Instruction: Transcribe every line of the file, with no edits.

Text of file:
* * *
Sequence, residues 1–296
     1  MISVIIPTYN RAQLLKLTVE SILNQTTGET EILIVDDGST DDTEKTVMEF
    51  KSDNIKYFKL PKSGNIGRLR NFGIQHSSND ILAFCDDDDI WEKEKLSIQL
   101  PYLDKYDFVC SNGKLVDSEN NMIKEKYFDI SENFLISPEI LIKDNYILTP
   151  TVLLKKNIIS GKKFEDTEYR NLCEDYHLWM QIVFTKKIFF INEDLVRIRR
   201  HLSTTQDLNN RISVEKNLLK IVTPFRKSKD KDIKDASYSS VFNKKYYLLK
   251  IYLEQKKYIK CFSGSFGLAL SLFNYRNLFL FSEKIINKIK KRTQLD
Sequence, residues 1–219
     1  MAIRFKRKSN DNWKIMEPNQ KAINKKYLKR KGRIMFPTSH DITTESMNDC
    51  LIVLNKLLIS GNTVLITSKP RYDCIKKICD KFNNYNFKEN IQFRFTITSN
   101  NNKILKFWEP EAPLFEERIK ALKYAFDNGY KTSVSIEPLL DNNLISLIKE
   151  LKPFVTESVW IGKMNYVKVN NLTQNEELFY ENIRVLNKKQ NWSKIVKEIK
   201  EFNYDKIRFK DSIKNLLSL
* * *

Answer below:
Sequence, residues 1–296
     1  MISVIIPTYN RAQLLKLTVE SILNQTTGET EILIVDDGST DDTEKTVMEF
    51  KSDNIKYFKL PKSGNIGRLR NFGIQHSSND ILAFCDDDDI WEKEKLSIQL
   101  PYLDKYDFVC SNGKLVDSEN NMIKEKYFDI SENFLISPEI LIKDNYILTP
   151  TVLLKKNIIS GKKFEDTEYR NLCEDYHLWM QIVFTKKIFF INEDLVRIRR
   201  HLSTTQDLNN RISVEKNLLK IVTPFRKSKD KDIKDASYSS VFNKKYYLLK
   251  IYLEQKKYIK CFSGSFGLAL SLFNYRNLFL FSEKIINKIK KRTQLD
Sequence, residues 1–219
     1  MAIRFKRKSN DNWKIMEPNQ KAINKKYLKR KGRIMFPTSH DITTESMNDC
    51  LIVLNKLLIS GNTVLITSKP RYDCIKKICD KFNNYNFKEN IQFRFTITSN
   101  NNKILKFWEP EAPLFEERIK ALKYAFDNGY KTSVSIEPLL DNNLISLIKE
   151  LKPFVTESVW IGKMNYVKVN NLTQNEELFY ENIRVLNKKQ NWSKIVKEIK
   201  EFNYDKIRFK DSIKNLLSL